New Delhi/Mumbai: Ahead of the crucial hearing in the Supreme Court on 20 July, the legal spat between the rival Ambani brothers turned both ugly and curious after Mukesh Ambani-controlled Reliance Industries Ltd (RIL) and the Union government filed two separate affidavits on Friday.
The RIL affidavit not only challenged the demand of Anil Ambani-controlled Reliance Natural Resources Ltd (RNRL) for gas supplies, but also levelled serious allegations. The government’s affidavit maintained that the gas belongs to it and asked the court to make it an intervenor in the case.
According to RIL’s affidavit, RNRL’s claim violates the government’s gas utilization policy and would hence impact the supplies to power and fertilizer projects mandated by the government.
Intervenor status? Petroleum minister Murli Deora. Pankaj Nangia / Bloomberg
While RNRL has sought the apex court’s intervention in a special leave petition for immediate supply of 28 million standard cu. m of gas a day (mscmd) at $2.34 per million British thermal unit (mBtu) for a period of 17 years, and restriction of 40 mscmd supply to any other company, RIL in its affidavit has opposed grant of interim relief sought by RNRL. RNRL’s price is 44% lower than the government-specified price.
At the same time, the government has introduced a new legal angle with its affidavit, challenging the RIL-RNRL agreement and claiming that it had rejected the price of $2.34 per mBtu sought by RIL on the grounds that it was not an arms length transaction.
“That the RIL and RNRL cannot settle between themselves as to how the gas which is a national asset and a natural resource, which vests in the Government of India... It is not the private property of the RIL and RNRL and any understanding arrived at between them is not binding upon the government,” said the filing.
According to a person who is part of the government’s legal team but did not wish to be identified, the government’s affidavit is a reiteration of its stand in the Bombay high court.
“The government is the owner, gas being a natural resource. It has every right to regulate the distribution in terms of the production sharing contract and also in accordance with the decision of (the) empowered group of ministers. No private arrangement or MoU (memorandum of understanding) which seeks to divide gas, can prevent the government policy and they are invalid,” this person said.
The government’s affidavit has also said that RIL needs its approval to “sell all gas at approved and at a uniform price for all users across all sectors”, adding that the high court order “has the effect of completely undermining” the gas utilization as well as its pricing policy.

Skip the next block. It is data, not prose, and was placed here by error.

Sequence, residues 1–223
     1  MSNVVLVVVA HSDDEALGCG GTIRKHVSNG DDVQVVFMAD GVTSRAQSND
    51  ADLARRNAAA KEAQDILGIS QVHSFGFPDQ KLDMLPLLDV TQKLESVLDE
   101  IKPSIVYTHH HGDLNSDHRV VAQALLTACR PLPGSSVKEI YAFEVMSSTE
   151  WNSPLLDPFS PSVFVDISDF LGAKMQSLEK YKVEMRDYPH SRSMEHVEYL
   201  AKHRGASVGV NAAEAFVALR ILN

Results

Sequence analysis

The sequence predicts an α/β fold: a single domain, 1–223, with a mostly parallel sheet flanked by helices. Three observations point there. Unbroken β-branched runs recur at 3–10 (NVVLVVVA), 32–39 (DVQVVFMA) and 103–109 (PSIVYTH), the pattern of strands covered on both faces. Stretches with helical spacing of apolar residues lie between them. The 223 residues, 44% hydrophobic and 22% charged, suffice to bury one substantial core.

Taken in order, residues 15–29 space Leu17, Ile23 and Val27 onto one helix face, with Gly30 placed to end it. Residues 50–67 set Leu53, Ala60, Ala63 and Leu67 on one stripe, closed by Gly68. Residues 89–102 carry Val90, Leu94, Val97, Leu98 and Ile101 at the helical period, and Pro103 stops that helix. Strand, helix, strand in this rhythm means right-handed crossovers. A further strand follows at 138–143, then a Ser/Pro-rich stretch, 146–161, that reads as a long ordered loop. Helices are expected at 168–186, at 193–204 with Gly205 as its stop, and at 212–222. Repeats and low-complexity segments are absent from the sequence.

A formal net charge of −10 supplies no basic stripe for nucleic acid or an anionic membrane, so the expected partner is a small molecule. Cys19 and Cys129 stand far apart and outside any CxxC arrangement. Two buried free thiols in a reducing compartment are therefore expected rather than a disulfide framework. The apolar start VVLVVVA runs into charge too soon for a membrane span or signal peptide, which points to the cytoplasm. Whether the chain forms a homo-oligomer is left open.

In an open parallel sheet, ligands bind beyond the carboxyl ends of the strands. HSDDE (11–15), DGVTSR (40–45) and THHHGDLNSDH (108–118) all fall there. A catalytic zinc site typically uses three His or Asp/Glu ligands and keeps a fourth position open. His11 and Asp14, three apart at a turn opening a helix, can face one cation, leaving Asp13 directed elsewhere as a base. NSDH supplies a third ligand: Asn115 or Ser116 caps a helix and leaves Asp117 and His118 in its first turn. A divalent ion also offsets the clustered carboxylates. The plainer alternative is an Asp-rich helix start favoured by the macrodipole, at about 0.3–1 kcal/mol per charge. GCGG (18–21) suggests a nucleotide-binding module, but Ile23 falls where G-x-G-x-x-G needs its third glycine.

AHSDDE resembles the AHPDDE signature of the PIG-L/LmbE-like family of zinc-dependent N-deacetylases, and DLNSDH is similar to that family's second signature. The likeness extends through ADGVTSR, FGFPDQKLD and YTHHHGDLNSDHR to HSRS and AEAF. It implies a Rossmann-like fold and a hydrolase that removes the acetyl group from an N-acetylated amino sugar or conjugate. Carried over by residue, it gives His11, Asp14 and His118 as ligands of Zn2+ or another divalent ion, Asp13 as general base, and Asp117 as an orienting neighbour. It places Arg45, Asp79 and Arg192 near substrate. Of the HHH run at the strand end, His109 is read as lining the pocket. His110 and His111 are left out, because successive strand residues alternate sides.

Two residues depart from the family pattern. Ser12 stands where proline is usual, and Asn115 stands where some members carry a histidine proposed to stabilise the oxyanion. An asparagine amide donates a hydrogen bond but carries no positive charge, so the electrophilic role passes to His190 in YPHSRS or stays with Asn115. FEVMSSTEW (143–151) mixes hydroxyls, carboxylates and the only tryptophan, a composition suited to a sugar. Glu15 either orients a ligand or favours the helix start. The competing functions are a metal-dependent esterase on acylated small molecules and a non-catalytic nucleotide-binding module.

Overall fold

“Any order contrary to the public policies will be against the national and public interest”, the filing says, besides “interfering with the sovereign rights” of the government.
Union petroleum minister Murli Deora said that he stood by his earlier statement about gas being the sovereign property of the government.
“The price as well as the priority for gas allocation has been fixed by the government,” Deora told Mint.
RIL and RNRL had approached the Supreme Court against the verdict of the Bombay high court on 15 June, which had asked RIL and RNRL to sign a “suitable arrangement” for supply of gas.
The Supreme Court refused to stay the lower court’s ruling. The law suit is an extension of an almost three-year-old dispute over the output from RIL’s D6 block of Krishna-Godavari basin, off the eastern coast of India.
Mint had reported on 19 June about the Bombay high court judgement quoting the secret memorandum of understanding (MoU) between Mukesh and Anil Ambani, signed in 2005 when the two parted ways, suggesting that the Reliance-Anil Dhirubhai Ambani Group (R-Adag) will have a first right of refusal on all future gas discoveries by RIL, though at market prices.
“As per the MoU, the supply of gas was subject to availability and approval by the Government,” RIL stated in its affidavit.
In a letter dated 30 June to the union minister for fertilizer M.K.Azhagiri, RNRL had tried to ease these concerns saying KG gas production will increase from 80 mscmd to 120 mmscmd and that will be enough to meet all its demands and “hence, it is unlikely that the judgement would affect the gas supply to fertilizer companies...even while meeting the RNRL requirement.”
In its affidavit, RIL has also raised the issue of Foreign Exchange Management Act, or Fema, violation on the part of Adag’s Reliance Energy Ltd (REL).
“REL actually raised finances in the form of external commercial borrowings to (the) extent of USD 360 million for the Dadri power project and thereafter having utilized the proceeds in contravention of the prevailing FEMA regulation, is facing penal proceedings,” the affidavit stated.
Questions emailed to RIL and R-Adag spokespersons remained unanswered till the time of filing this story.
RIL also told the Supreme Court that RNRL did not have any plants capable of receiving the fuel and any damages suffered by RNRL, if established, can be recompensated later.
PTI contributed to this story.